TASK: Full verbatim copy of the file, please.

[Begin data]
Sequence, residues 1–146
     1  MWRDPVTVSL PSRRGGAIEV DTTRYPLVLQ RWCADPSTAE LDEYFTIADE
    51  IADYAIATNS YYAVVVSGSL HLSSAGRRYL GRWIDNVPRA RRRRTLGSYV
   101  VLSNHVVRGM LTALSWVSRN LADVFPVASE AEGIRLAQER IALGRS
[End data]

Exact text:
Sequence, residues 1–146
     1  MWRDPVTVSL PSRRGGAIEV DTTRYPLVLQ RWCADPSTAE LDEYFTIADE
    51  IADYAIATNS YYAVVVSGSL HLSSAGRRYL GRWIDNVPRA RRRRTLGSYV
   101  VLSNHVVRGM LTALSWVSRN LADVFPVASE AEGIRLAQER IALGRS